Back in the old days, when digital cameras were not that popular, films could make learning photography really expensive and complex. Although people know exposure triangle, they usually needed a light meter to avoid exposure mistakes.
Nowadays, thanks to the latest digital format, photography is much less expensive. Almost everyone has a camera, some of them may even have a few cameras.
Even though we live with the latest technologies, the basic principle in photography called Exposure Triangle, never changes.
The Exposure Triangle
In digital photography, when the shutter is open, light travels through the lens and hits the sensor of the camera.
There are three elements to control how much light is being captured.
Aperture, shutter speed and ISO sensitivity.
Aperture can be understood by how big the hole is that allows light to enter the camera. A bigger hole allows more light to enter; in other words, a wider aperture.
Aperture is measured by the f-number, or f-stop. Each f-stop represents one stop of exposure value (1EV). The f-number is a ratio between focal length and aperture size. After some fancy ratio calculations, you will learn that the smaller f-number is a wider aperture and the larger f-number is a smaller aperture.
Aperture also controls the depth of field (DOF). Depth of field is the distance between the nearest and farthest objects in a photo, showing the subject still in focus. With physics, which you can learn more about here, wider aperture gives shallower DOF, appearing as a blurry foreground and background.
When you open the shutter, light goes into the camera until the shutter is closed. This duration is called the shutter speed. It is measured in the unit of seconds.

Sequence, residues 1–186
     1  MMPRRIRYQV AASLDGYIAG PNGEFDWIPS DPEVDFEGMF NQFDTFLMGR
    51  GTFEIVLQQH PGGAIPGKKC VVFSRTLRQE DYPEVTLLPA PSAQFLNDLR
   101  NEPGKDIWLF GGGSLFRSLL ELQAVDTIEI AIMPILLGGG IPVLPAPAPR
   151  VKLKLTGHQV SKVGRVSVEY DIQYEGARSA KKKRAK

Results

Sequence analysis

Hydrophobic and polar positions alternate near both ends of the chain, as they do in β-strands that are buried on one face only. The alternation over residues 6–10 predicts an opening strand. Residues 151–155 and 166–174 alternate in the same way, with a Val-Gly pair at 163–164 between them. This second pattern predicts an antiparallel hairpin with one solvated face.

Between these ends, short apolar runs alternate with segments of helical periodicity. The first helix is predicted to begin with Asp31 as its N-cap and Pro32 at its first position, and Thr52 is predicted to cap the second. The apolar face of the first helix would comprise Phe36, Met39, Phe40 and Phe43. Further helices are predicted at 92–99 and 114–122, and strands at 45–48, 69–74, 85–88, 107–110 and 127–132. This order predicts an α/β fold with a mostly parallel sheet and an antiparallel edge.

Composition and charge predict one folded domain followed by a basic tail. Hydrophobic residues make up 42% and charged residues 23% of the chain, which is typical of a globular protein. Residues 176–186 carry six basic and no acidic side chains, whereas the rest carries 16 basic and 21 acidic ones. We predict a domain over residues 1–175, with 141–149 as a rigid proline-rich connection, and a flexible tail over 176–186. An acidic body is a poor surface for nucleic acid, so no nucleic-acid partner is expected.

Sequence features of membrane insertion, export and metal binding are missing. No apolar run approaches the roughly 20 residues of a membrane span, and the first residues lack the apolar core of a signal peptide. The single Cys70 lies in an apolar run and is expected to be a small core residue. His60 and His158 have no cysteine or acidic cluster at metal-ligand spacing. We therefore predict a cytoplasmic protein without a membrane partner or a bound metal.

The longer you expose, the more light you get; in other words, a brighter image. If you are shooting something in motion, a relative slow shutter speed may cause a blurry image. Slow shutter speed may also result in the phenomenon of hand-shaking if you are hand holding the camera.
Fast and slow are comparative. From the above comparison, you can see that even in 1/800 second, there is still motion blur on the fan blades. In 1/200 second, you can’t see any blades. However, if you are taking a picture of a landscape, 1/200 second is giving you a very sharp image.
Hand-shaking may sometimes bring you blurry images especially if you are shooting in long focal lengths. You can use a simple formula to calculate the safety shutter speed. Here is that formula below:
Safety Shutter Speed = 1 / Focal Length
Simply said, the shutter speed that’s faster than 1/50 second, such as 1/100 sec or 1/200 sec, will not cause you a hand-shaking problem if you are shooting at 50mm. The safety shutter speed can be improved by practicing and by the vibration reduction function on higher class lenses.
The third element to control exposure is the ISO sensitivity. This is about how sensitive the camera sensor is to light. When you increase the ISO, the image sensor is more sensitive. In other words, less light will give enough brightness.
In order to bump up the sensitivity, you are sacrificing image quality. You are getting more noise in high ISO. However, high end camera models, such as Nikon D4 and Canon 1Dx, are giving you extremely low levels of noise in high ISO. (That’s why their price is so high!)
This infographic from FilmMakerIQ illustrate the exposure triangle nicely.